SC upholds LHC verdict, Mai distressed | Pakistan Today

SC upholds LHC verdict, Mai distressed

Upholding the Lahore High Court (LHC) verdict in the Mukhtaran Mai gang-rape case, the Supreme Court on Thursday acquitted five of the six suspects and dismissed the appeals. A three-member Supreme Court bench comprising Justice Mian Shakirullah Jan, Justice Nasirul Mulk and Justice Mian Saqib Nisar announced its verdict, reserved earlier on January 27. According to the SC ruling, Abdul Khaliq will serve the full length of his life sentence. Aitzaz Ahsan appeared as counsel for Mukhtaran Mai, whereas Malik Muhammad Saleem appeared on behalf of the suspects. The appeals were filed by Mukhtaran Mai against a verdict of the Multan bench of the LHC commuting the sentence of one suspect and acquitting the abettors of the alleged gang-rape of Mai on June 22, 2002, on the orders of a panchayat (village council) convened by the influential Mastoi tribe in the village of Meerwala in southern Punjab.
The incident was widely condemned in the country and abroad. Mai, whose case garnered much attention in the West as an example of oppression suffered by Pakistani women, expressed her disappointment over the Supreme Court verdict. She said she would not file any appeal against Thursday’s judgement. “The police never even recorded my own statements correctly,” said Mai.
“I do not trust any court except the court of Almighty Allah. I have left the matter at the mercy of God,” she told AFP by telephone. “I don’t know what the legal procedure is, but my faith [in the system] is gone… There is a threat to me and my family. There is a threat of death, and even of the same thing happening again. Anything can happen,” she added.
Mai now runs a school for girls in her village, and has vowed that Thursday’s ruling will not force her to leave her home. “Life and death are in the hands of Allah… I will not shut my school and other projects,” she told Reuters.
In a quiet, tired voice, Mai spoke to Pakistan Today about the incident and said she was totally dejected about the acquittal. “For seven years I have been pushed around here and there, inside courts and outside courts … [only] to see this day … to see the day they let them lose once again?” she said, emotional strain almost cracking her voice. “I foolishly believed that I would win this case, 100 percent … no, I have been a victim of injustice,” she said.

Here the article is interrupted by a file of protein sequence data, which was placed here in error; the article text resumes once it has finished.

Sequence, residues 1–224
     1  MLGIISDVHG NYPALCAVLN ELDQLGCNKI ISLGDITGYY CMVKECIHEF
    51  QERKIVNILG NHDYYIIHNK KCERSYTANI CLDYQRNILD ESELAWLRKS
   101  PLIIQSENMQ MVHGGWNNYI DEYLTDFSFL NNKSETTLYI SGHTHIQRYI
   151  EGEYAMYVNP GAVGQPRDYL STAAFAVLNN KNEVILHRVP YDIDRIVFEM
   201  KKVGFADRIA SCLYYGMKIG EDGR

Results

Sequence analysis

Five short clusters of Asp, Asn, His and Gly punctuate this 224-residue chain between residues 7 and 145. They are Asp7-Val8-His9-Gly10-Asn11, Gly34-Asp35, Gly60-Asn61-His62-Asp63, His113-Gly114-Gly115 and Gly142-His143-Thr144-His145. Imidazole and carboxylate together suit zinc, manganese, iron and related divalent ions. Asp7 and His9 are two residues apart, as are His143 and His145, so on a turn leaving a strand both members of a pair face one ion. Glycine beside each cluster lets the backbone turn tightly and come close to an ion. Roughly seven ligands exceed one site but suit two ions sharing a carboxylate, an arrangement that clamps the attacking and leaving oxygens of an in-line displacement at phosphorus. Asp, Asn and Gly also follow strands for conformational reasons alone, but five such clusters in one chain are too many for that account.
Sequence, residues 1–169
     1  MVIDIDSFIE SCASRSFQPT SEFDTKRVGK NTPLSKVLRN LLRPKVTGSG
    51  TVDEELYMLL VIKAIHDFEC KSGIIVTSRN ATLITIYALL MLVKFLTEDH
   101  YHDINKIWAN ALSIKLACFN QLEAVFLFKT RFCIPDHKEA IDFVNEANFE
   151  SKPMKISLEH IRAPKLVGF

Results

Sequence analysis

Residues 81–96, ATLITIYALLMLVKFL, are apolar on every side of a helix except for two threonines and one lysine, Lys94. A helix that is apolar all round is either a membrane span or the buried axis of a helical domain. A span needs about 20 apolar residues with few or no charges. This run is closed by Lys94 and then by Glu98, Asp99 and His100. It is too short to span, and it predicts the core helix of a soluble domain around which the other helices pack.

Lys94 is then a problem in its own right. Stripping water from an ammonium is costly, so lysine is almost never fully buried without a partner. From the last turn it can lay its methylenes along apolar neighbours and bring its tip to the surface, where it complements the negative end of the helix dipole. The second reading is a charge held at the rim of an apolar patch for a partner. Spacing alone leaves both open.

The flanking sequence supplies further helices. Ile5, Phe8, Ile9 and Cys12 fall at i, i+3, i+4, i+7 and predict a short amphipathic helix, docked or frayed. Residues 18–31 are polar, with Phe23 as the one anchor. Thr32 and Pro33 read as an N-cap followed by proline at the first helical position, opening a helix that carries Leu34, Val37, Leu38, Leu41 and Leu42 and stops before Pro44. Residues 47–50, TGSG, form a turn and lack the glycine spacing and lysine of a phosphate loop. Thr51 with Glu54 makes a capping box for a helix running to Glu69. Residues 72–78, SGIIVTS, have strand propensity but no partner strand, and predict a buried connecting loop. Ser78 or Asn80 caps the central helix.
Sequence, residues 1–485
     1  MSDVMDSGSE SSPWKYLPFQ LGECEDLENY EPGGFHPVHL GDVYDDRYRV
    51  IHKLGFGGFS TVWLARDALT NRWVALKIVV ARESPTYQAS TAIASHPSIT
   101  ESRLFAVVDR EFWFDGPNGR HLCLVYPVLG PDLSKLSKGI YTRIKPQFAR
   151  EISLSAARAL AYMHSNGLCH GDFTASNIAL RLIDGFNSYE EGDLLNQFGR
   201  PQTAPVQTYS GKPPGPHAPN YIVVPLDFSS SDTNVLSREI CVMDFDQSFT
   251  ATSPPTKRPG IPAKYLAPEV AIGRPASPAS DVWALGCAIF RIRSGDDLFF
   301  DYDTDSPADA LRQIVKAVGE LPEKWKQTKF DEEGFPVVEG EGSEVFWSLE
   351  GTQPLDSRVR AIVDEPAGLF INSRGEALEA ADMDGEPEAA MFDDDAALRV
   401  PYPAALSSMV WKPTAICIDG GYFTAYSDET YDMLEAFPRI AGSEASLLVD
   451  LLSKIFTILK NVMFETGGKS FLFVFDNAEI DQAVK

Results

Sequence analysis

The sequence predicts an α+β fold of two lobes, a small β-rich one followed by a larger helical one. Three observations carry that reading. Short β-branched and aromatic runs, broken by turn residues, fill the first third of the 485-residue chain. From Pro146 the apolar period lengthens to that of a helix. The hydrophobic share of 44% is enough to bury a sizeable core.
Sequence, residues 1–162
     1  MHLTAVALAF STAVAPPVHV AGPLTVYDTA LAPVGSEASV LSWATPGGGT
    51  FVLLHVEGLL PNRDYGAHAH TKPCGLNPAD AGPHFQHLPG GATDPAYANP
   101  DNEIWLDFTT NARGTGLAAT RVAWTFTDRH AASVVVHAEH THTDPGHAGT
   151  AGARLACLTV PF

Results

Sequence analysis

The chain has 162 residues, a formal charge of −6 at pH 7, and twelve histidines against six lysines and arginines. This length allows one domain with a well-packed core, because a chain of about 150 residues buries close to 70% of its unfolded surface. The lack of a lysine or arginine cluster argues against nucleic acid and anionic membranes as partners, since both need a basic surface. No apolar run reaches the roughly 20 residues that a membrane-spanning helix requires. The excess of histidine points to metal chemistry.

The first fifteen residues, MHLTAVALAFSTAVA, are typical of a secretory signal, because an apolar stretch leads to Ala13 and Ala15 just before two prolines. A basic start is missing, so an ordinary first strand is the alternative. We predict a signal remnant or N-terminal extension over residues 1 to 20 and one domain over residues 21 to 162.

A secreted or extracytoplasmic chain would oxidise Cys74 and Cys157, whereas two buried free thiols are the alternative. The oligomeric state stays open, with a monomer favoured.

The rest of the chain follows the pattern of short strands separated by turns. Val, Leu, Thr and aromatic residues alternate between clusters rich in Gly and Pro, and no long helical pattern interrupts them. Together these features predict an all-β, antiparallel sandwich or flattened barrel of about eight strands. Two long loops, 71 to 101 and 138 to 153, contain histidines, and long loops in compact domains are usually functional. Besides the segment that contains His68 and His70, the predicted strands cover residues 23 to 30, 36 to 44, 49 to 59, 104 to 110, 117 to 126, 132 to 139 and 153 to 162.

Mai now waits for her lawyer to come and talk to her so she can sort the matter out legally. But she is not happy with the judicial process. “Appealing again would mean going back to seek help from the same people who ruled my case out, and back to the same old courts. What use would that be? But I will take advice from my lawyer,” she said. “I am heartbroken by this decision.”
Mai said her family and even other villagers had supported her throughout the case, but the culprits, who were known to be supported by land-owners, had just tipped the balance in their own favour.
In March 2005, the Federal Shariat Court (FSC) had suspended the LHC’s verdict on the grounds that the high court had no jurisdiction to hear appeals under Hudood laws. The controversy was settled after the Supreme Court took the matter into its own hands.
The punchayat had been called to seek punishment for Shakoor, the 12-year-old brother of Mai, for having illicit relations with a woman from a rival clan. It was suggested that Shakoor should marry the girl with whom he was accused of having a relationship, and Mai be married to a man of the Mastoi tribe, but the Mastois rejected the suggestion and insisted that the offence of fornication should be settled with fornication. Mai was called by the punchayat to apologise for the conduct of her brother, who had already been sodomised by the Mastois. She was allegedly dragged to a nearby hut and raped by four men.
A case was registered against 14 suspects under sections 109 and 149 of the Pakistan Penal Code, the Anti-Terrorism Act (7C and 21-1) and the Hudood Ordinance (10-4 and 11). Four of them were charged with raping Mai and the rest for abetting the crime.